But more affordable shots can also add an interesting twist to the story. The Dutch tilt can depict a character in a state of psychological unease by shooting them from a jaunty angle. In this way they appear literally and metaphorically unbalanced. A trunk shot often shows a small group of characters peering into the trunk of a vehicle. It is filmed from a perspective within the trunk itself, although frequently to avoid camera damage directors will simply place a detached piece of trunk door in the corner of the frame. This shot was a favourite of Quentin Tarantino and has been used in many crime and gangster films, often as a first-person shot through the eyes of someone who is tied up and lying inside the vehicle. A shot that has gained traction in avant-garde circles is the extreme close-up. This is when a single detail of the subject fills up the entire frame. Alfred Hitchcock famously used an extreme close-up in ‘Psycho’, when he merged a shot of a shower drain into a view of a victim’s eye. It has also been used in Westerns to depict tension between duelling gunmen eyeing each other up before a shoot out.
Not all types of shots are used in order to enhance the narrative. Sometimes financial restrictions or technical limitations are a more pressing concern, especially for low-budget film makers. In the early murder mysteries of the 1920s and 1930s, the American shot – which acquired its name from French critics who referred to a “plan américain” – was used widely for its ability to present complex dialogue scenes without alterations in camera position. Using the American shot, directors have their cast assemble in single file while discussing key plot points. The result is an efficiently produced scene that conveys all relevant information, but the trade off is a natural tone. Because few people in real life would ever associate in such an awkward manner, American shots tend to result in a hammy, stiff feel to the production.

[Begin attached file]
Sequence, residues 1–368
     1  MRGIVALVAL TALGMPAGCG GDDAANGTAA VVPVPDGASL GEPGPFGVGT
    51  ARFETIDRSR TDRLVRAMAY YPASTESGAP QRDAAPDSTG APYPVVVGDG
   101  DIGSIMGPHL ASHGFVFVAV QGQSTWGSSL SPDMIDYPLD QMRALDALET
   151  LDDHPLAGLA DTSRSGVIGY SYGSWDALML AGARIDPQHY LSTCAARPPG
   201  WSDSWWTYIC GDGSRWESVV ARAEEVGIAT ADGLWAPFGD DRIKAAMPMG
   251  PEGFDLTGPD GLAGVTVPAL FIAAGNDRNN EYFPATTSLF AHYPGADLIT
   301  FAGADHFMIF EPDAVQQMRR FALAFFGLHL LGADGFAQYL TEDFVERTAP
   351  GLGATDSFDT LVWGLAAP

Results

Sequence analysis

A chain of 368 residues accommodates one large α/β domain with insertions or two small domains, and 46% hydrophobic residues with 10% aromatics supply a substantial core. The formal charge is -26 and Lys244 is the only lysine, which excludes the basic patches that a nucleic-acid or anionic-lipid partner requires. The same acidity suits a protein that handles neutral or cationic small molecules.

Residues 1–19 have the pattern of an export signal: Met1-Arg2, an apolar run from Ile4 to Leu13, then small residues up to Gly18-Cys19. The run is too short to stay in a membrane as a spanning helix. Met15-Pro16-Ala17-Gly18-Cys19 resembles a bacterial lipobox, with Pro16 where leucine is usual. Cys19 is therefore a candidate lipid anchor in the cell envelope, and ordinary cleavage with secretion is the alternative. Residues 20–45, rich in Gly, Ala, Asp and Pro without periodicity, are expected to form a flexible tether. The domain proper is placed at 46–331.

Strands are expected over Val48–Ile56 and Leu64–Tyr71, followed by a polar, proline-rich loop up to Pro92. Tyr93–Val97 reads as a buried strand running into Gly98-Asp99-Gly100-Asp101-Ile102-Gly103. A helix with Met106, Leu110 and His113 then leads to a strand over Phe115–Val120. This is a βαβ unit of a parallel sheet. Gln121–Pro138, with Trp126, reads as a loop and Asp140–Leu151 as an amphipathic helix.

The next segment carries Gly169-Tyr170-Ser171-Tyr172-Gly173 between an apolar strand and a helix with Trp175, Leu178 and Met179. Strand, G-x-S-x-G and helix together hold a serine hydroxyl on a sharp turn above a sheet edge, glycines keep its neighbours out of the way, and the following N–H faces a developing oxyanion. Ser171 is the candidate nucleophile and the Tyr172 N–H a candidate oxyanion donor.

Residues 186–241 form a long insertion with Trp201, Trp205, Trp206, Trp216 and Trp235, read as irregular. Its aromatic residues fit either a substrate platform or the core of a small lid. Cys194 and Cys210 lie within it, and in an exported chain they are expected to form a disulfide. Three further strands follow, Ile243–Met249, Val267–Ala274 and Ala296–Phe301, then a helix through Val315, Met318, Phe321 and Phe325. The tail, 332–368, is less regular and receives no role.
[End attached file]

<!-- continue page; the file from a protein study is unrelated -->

Look at the following descriptions (Questions 28–33) and the list of terms below.
Match each description with the correct term, A–J.
28. A group of people, full length body shot
29. Two people, only one facing camera, head and shoulders shot
30. Distance shot of central city, from the air
31. A single person, head and shoulders, off-centre angle shot
32. Lone pedestrian, walking a city street
33. A flaming bus, about to crash
List of Terms
A. Trunk shot
B. Dutch tilt
C. Establishing shot
D. Money shot
E. American shot
F. Long shot
G. Extreme close-up
H. Third-person shot
I. First-person shot
Answer the questions below:
Choose no more than three words from the passage for each answer.
34. Which two aspects of story can be shown with an establishing shot?
35. What does a long shot focus our attention on?
36. What do close-ups restrict in order to make audiences nervous?
37. What does a third-person shot place importance on?
Complete the summary below.
Choose no more than two words fom the text for each answer.
|Some shots are not used very often. Money shots have a high 38 .......... considering that they only last for a few seconds. The money shot brings in a lot of money, however, and is an important part of the film’s 39 ............ Other, less expensive shots can still be fascinating: a character can be made to seem 40 ........... in both mind and body when filmed with a Dutch tilt, for instance.|